The south easterly wind had steadily risen over night and by the time Tuesday’s ferry was due the wind was gusting up to 41mph. These are challenging conditions for any ferry wanting to berth at Tiree. Real skill is required.
High tide had not long past but at least it was a falling tide.
The ferry had successfully berthed at the Isle of Coll, but looking at the sea conditions in Gott Bay would the vessel be able to berth here at Tiree.
On Monday afternoon CalMac had issued an alert.
‘Due to SE winds this service is liable to disruption.
The 2nd stop at Coll is at risk.’
Along with the alert there was an announcement.
Due to the works at Coll Linkspan being completed ahead of schedule,
we will resume vehicle service.
Thanks to Becky Wright of Tiree’s Chocolates and Charms for the above photograph of the new Coll linkspan in operation for the first time.
Video evidence attached to the bottom of this post.
Becky must have been wondering whether or not the ferry would berth at Tiree!
The MV Clansman turned from the Passage of Tiree into Gott Bay as she cautiously made her way towards the pier.
In order to berth stern first the ferry must turn through 180 degrees. As the ferry made the turn to port there was a considerable cant. Having made the turn the MV Clansman then lay off the pier for several minutes before dropping her anchor to help deal with sea conditions.
On several occasions the waves broke over the approach to the pier – even reaching at least half way up the lamp posts.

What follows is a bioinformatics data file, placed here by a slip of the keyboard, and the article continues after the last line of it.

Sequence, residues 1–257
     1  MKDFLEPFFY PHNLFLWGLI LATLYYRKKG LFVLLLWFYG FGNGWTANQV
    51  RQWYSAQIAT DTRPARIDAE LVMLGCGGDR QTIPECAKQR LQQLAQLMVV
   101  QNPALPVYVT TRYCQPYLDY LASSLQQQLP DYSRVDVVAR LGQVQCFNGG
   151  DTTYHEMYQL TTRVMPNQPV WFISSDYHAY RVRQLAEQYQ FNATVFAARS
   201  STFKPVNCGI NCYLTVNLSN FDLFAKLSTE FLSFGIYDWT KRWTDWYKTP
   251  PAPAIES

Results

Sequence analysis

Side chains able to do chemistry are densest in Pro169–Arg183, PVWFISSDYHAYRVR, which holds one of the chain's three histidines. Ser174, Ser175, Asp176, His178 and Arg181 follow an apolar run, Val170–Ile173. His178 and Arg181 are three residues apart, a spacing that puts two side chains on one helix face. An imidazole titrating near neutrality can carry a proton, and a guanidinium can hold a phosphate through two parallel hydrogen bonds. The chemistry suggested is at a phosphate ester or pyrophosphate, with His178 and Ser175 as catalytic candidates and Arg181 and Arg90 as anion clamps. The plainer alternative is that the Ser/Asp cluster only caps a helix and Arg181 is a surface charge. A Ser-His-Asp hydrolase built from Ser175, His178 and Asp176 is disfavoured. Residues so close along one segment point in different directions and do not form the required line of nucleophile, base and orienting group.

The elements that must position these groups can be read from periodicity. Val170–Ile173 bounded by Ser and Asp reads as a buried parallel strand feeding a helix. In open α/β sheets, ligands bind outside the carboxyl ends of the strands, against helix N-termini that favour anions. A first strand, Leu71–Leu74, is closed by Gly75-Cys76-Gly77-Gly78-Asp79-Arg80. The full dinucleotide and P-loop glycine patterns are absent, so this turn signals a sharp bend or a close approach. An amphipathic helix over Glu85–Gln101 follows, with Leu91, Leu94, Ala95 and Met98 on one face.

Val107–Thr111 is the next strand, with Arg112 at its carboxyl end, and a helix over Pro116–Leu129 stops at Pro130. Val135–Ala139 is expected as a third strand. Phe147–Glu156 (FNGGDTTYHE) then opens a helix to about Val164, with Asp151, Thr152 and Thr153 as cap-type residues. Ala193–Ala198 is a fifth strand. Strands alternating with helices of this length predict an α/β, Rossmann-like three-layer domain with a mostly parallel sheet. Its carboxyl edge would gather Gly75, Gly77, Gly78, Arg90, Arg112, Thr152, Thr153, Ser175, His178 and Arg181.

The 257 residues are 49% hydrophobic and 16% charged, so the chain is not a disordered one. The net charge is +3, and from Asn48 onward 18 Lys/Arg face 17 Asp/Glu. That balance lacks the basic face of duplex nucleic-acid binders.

With great care the ferry edged slowly back towards the pier and the linkspan.
The roundhead was in direct line of the south easterly wind and on occasions the waves broke over it. Most certainly challenging conditions for those handling the ropes on the pier.
With the midship and bow lines thrown and successfully caught, the ropes were hauled in towards the pier and the waiting bollards.
With her powerful stern thrusters employed the stern was brought alongside and the stern ropes secured.
The MV Clansman had berthed.
The stern ramp was lowered and the car deck was emptied of its load as the vehicles rolled off and up the linkspan. There was no gangway so foot passengers had to follow the vehicles up the linkspan.
Then it was the turn of any waiting foot passengers to board via the car deck. After that the waiting vehicles proceeded down the pier approach, across the linkspan, over the ramp and onto the car deck.
The ramp was raised. With the vessel secured the stern ropes released and the stern pushed off from the pier.
The bow and midship ropes were released and the anchor was raised.
The ferry then headed out sea. As she did so there was an impressive bow wave.
The Skipper on this occasion was Chris Mackinnon with Andy Clark serving as first officer.
This was a great team effort of Ship’s Master. First Officer, crew and pier staff.
This was indeed a fine example of great seamanship.
Tuesday 19th November at 12:34 CalMac advised:
Due to worsening swell conditions in Coll,
the 2nd stop was cancelled
and the vessel is now proceeding back to Oban
with an arrival time of 15:25.
This is ‘Life on Tiree’ reporting from the pier.
Video of the first vehicles to proceed over the new Coll linkspan.
Video credit: Becky Wright of Tiree’s Chocolates and Charms.